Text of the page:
You have been gone since 1995 and it’s hard to imagine that tomorrow is my 31st birthday. That’s 16 years without you being a physical presence in my life. You died before I had the chance to let you know something, something important about who I am. But they say mothers always know and something tells me that you knew.
Don’t walk like that. No you can’t play with dolls. You boys don’t need to be back there alone. Don’t stand like that. Stop crying. Act like a boy.
I know you said these things with all the love in your heart and I tried my best to live up to your request. I understand it was what you learned growing up. I know it was because of the confines of cultural identity.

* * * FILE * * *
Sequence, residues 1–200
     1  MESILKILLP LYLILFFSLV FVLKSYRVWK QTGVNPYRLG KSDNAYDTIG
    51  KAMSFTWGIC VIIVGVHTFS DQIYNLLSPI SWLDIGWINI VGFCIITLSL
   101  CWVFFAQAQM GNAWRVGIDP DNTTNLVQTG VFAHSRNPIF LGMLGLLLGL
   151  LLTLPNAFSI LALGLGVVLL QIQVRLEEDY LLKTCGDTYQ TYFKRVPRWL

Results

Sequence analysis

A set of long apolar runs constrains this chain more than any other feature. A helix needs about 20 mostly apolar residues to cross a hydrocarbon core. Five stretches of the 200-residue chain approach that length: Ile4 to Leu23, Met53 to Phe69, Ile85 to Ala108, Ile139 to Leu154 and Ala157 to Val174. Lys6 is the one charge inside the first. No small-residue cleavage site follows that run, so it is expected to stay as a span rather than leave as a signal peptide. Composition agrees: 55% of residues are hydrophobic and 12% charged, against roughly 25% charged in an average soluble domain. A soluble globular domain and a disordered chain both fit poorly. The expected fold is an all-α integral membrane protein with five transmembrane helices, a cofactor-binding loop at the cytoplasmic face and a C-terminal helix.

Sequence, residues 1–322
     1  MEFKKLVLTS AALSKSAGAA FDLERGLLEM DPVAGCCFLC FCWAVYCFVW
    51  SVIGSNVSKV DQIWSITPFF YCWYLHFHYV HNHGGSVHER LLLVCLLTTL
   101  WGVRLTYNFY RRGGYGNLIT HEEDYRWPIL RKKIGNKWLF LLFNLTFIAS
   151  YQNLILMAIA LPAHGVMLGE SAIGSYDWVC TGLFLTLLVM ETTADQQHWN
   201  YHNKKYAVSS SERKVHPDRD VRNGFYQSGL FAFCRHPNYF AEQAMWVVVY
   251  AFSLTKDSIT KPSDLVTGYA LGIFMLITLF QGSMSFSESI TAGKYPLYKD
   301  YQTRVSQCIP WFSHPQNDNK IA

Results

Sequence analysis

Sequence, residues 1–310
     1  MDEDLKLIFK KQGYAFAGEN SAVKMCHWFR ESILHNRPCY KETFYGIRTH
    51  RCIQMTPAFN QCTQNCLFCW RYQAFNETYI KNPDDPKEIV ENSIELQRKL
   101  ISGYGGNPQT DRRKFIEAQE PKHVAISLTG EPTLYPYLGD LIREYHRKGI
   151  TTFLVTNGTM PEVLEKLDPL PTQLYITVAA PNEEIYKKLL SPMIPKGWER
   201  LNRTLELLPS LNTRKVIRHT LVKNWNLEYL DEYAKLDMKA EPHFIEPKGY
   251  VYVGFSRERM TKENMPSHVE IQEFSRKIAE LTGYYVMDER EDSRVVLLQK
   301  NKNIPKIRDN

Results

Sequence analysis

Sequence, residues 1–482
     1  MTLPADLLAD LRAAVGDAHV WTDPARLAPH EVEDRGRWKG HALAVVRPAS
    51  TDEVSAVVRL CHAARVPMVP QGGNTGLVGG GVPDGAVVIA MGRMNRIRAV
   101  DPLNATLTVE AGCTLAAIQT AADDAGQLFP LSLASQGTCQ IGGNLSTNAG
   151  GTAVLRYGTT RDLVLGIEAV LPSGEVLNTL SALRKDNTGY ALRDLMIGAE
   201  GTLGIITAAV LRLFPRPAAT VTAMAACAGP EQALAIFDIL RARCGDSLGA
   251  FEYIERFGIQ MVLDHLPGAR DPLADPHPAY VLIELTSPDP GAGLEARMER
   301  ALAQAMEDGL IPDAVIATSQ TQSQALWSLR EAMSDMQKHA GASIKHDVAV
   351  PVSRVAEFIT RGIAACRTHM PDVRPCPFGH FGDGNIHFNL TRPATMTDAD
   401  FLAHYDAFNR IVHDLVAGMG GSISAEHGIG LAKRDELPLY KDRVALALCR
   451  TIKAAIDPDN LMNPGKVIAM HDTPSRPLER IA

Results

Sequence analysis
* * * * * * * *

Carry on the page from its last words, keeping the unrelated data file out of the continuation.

Well, mom here I am to let you know that I’m doing pretty ok. I’ve graduated from high school, went on to college and even earned an MBA. I’m living in a great city and I have a wonderful job. I have wonderful friends and a great love in my life. Ok, ok there have been bumps along the way–I mean isn’t life about lessons learned and no regrets.
Mom I love you. I love the lessons you shared—knowing and unknowing. I love the example you set. In my heart I know I’ve made you proud and I hope you know I have lived each day of my life to honor you.